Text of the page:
Contacting Iain

If you’re looking for more information on Iain, please head to iain-anderson.com, where you’ll also find contact details at the bottom of the page. If you’re only looking for videos he’s made, try filmeverywhere.com instead.

This blog isn’t completely dead, but it doesn’t see many updates — apologies if you’re having trouble finding me through it.

On nutrition

While this blog has definitely been ignored for a few years now, squeezed between the instant gratification of Twitter, the friend-notification of Facebook, and the richer experience of YouTube, there are still things worth sharing that don’t fit into any of those buckets. Here’s one.

I try to stay healthy these days, and while I’m not losing weight (I could lost a few kilos) I’m not gaining it either. One thing that helps a lot is knowing how much sugar, fat and nutrition is in the food I eat, and that’s something that’s much easier here in Australia than in the US.

Almost every food item sold in a supermarket will have a nutrition information panel, and that’s true in the US and here. However, in the US, the information is only given as an amount within an arbitrary serving size, which is different for each food, with a far more prominent percentage of a “Daily Value” which may or may not be correct for you.

A pack of two Beyond Burgers, in the US (Credit: @michaelkammes)

With something like a burger patty, sure, a serving size makes sense. But for many foods, it doesn’t. Serving sizes are picked to make the other numbers look better, often useless unless you weigh your food, and

The only easy way to compare two foods is with percentages, because it’s true for any amount of food, and gives you a quick way to judge if a product is healthy or not by using rules of thumb like “avoid foods with greater than 3% sugar”. Providing nutrition info per 100g is a great way to do this, and Australian nutrition guidelines must include it. Therefore, imported products place stickers over the original nutrition info, like this:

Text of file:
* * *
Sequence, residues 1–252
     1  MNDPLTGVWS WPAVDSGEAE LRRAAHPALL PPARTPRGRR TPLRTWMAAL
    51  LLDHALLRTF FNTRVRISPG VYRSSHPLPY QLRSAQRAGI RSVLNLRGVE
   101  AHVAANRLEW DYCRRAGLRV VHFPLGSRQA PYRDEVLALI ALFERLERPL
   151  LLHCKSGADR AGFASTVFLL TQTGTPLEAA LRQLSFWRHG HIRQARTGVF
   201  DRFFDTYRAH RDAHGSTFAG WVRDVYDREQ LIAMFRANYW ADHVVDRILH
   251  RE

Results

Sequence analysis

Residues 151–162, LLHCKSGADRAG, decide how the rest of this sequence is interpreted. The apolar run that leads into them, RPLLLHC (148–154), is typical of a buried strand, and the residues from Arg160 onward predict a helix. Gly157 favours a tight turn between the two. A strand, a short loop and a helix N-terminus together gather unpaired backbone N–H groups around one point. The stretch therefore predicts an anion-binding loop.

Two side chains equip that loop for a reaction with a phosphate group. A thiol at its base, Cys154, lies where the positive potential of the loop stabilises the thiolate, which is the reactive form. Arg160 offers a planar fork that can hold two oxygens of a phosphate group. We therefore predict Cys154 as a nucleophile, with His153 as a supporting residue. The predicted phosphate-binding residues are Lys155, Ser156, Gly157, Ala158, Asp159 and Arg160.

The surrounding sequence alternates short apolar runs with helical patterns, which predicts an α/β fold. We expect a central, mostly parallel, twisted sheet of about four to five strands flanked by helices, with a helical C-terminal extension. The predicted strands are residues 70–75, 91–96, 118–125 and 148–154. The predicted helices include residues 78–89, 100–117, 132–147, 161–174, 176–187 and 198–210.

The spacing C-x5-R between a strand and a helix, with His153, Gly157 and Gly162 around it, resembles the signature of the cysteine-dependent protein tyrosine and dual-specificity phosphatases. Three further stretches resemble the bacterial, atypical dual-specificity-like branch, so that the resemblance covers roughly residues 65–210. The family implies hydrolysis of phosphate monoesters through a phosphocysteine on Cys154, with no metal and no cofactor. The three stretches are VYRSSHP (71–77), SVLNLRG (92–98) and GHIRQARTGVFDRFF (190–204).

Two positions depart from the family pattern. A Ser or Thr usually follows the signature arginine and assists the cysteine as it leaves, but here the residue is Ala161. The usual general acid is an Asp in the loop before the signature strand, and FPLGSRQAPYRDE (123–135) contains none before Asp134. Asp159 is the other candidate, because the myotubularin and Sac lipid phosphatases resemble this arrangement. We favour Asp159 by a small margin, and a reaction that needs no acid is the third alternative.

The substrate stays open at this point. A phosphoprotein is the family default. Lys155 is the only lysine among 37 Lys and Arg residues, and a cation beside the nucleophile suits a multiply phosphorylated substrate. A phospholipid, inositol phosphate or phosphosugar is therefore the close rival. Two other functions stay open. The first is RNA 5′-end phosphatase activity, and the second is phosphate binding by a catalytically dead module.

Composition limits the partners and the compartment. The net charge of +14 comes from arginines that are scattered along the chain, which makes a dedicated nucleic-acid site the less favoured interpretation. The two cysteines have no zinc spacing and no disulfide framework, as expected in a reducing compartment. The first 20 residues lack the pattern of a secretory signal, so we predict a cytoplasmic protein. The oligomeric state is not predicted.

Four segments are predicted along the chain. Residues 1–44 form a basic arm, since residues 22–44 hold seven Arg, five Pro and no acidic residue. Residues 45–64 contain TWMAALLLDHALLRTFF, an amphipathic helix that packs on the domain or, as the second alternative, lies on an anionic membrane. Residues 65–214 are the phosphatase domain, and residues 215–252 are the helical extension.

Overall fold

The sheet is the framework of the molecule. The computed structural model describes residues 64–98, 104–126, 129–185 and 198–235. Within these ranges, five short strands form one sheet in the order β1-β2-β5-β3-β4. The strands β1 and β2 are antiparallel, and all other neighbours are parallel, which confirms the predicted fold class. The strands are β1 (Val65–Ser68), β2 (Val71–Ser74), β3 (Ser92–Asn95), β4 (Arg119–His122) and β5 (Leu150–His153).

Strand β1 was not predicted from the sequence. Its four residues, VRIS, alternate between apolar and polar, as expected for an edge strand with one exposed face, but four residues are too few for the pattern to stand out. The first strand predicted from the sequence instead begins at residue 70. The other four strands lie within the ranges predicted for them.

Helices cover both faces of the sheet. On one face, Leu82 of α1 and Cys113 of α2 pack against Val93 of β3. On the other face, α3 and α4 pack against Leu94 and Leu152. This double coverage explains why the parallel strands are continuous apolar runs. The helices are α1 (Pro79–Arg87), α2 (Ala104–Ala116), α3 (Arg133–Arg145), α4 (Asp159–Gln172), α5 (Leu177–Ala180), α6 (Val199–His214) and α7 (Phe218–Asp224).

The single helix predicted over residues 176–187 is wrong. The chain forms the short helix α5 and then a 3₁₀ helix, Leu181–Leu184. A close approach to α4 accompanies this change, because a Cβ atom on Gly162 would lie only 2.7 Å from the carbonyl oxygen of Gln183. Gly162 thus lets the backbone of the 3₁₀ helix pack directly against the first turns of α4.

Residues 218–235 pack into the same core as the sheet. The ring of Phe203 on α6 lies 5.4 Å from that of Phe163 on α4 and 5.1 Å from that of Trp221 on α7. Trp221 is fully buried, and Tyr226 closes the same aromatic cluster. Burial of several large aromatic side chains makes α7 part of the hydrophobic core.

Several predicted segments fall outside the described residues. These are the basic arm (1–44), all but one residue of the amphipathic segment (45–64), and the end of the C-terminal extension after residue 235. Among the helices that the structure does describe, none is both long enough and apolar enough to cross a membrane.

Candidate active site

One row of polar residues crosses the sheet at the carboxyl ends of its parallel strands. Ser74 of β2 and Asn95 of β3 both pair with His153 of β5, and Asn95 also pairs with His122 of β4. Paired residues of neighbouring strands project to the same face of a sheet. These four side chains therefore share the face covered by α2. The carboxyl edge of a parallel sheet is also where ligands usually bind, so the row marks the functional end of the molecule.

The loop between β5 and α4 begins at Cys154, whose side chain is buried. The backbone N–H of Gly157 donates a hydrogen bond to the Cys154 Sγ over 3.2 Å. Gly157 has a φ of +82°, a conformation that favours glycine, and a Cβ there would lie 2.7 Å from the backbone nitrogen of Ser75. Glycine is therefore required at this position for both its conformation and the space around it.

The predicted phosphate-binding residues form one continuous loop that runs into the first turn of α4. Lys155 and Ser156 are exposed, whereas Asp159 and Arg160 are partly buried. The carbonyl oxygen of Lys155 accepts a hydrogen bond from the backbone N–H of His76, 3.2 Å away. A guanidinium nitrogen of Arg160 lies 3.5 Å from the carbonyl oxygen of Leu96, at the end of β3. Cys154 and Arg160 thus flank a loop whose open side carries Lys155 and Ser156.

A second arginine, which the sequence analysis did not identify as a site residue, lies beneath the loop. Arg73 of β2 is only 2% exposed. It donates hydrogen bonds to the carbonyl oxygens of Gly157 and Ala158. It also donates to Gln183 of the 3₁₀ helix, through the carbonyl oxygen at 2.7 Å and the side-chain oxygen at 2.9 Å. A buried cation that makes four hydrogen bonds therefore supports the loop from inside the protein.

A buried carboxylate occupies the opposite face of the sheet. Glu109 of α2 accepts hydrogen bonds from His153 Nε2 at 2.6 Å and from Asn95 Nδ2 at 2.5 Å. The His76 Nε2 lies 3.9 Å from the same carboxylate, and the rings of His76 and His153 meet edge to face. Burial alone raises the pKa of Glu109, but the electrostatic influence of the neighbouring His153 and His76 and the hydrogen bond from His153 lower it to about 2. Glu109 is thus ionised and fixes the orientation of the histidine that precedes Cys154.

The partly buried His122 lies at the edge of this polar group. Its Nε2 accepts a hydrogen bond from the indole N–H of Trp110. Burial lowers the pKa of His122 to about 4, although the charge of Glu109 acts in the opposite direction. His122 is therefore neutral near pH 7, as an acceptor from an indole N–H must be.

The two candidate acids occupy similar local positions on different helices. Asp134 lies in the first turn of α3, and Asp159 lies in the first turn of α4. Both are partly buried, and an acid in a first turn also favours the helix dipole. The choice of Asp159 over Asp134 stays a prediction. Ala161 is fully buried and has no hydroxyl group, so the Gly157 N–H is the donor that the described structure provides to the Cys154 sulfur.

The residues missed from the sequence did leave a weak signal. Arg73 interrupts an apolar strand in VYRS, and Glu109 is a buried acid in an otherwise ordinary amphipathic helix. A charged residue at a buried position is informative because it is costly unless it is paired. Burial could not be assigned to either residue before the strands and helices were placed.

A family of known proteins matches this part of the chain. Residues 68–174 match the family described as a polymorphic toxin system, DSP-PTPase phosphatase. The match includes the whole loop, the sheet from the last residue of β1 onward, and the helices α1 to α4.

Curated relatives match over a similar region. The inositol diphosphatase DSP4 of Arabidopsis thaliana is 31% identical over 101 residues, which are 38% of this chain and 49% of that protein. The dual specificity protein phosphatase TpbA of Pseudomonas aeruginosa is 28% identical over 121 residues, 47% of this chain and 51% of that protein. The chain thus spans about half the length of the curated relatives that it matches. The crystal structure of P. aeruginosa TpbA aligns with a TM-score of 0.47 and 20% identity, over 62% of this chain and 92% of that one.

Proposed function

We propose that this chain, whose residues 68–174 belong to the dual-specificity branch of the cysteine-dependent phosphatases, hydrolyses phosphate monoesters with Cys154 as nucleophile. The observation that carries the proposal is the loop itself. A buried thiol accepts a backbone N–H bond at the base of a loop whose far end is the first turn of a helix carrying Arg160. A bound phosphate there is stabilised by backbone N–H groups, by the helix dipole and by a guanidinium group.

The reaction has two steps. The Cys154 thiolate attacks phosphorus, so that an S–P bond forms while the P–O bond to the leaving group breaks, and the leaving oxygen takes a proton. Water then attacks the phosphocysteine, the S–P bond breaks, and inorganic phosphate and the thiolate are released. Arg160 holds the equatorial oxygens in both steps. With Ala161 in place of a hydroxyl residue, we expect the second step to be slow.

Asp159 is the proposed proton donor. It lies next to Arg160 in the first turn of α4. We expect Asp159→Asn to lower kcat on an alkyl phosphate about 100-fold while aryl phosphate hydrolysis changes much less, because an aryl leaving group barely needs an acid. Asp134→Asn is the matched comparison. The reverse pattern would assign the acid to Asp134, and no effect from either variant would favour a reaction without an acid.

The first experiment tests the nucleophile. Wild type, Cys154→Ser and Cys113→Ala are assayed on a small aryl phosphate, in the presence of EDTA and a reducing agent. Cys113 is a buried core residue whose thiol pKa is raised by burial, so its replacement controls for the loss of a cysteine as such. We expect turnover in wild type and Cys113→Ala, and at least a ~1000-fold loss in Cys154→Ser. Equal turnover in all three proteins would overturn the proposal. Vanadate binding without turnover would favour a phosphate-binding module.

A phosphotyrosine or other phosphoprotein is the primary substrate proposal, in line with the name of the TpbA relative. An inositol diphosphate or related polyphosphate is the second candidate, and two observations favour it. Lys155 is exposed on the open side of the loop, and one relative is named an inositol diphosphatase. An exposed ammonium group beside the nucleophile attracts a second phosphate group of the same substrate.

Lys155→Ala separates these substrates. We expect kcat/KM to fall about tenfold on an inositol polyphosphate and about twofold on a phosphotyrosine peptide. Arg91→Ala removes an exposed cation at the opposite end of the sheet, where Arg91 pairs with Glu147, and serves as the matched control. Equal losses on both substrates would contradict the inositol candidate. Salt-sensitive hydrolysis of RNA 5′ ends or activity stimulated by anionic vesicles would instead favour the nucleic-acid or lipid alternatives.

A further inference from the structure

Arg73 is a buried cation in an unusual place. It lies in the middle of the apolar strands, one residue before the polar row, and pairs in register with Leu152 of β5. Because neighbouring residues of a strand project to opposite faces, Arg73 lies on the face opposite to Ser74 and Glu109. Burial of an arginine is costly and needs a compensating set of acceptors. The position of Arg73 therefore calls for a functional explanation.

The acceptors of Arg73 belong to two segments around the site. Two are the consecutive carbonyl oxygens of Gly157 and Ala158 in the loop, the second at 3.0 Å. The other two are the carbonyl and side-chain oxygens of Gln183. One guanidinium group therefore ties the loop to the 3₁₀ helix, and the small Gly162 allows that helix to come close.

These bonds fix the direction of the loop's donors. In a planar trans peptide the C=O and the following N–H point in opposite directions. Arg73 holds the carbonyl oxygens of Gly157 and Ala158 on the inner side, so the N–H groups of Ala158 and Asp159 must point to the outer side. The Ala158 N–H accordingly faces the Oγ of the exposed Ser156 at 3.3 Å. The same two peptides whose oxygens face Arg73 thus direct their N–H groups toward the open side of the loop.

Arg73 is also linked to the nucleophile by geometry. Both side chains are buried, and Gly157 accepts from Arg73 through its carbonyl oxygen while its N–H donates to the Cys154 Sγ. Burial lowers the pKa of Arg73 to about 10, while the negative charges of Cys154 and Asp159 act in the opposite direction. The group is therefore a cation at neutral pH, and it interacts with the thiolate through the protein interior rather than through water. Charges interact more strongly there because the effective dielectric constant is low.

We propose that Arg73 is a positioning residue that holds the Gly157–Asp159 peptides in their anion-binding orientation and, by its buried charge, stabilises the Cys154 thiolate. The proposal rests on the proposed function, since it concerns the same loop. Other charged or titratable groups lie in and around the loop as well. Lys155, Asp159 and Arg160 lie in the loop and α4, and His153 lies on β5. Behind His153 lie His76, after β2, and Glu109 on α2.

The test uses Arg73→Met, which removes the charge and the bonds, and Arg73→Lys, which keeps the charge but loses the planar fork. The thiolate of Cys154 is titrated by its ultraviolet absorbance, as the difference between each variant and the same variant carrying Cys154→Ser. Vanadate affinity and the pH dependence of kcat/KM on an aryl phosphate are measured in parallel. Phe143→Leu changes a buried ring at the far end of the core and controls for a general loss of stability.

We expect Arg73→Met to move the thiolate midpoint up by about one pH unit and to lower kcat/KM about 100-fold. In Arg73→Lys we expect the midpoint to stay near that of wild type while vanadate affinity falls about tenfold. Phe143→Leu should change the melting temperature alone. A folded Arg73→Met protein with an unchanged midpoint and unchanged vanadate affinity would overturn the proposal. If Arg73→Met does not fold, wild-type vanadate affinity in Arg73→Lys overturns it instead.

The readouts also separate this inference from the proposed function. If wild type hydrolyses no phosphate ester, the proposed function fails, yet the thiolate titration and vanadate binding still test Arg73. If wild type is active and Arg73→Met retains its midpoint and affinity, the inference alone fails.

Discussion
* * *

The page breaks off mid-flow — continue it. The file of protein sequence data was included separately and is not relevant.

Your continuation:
The same exact Beyond Burgers sold in Australia.

Now it’s all pretty clear, there’s 15.9% fat in Beyond Burgers. (That’s not unusual for veggie burgers, but about triple the fat of the extra lean mince I prefer if I’m eating regular meat burgers.) That’s not clear from the US packaging unless you’re really good at mental arithmetic (18g/113g).

Here’s another example of two different cereal products. Neither are particularly healthy, but can you quickly tell which has more sugar?

Australian on the left, US on the right

The Australian cereal on the left is 21.5% sugar, easy to read from the 100g column, while the US cereal on the right is 26.6% sugar, which you need maths (8g/30g) to figure out.

Including a “per 100g” column on all products in the US isn’t going to turn around the obesity epidemic it’s facing; Australia (and the UK, and many other countries) have similar issues. But it would be a really helpful start, because the actual information is currently very well hidden indeed.

Recent videos

While I don’t have as much time to devote to YouTube videos as I’d like, here are a few of my more recent ones:

And if you have more time, here they all are!

I should also mention that I do shoot and edit video professionally too, so if you have an event you’d like to document or a presentation you’d like recorded, check out some of my work at filmeverywhere.com, and contact me via iain.a [at] iCloud.com.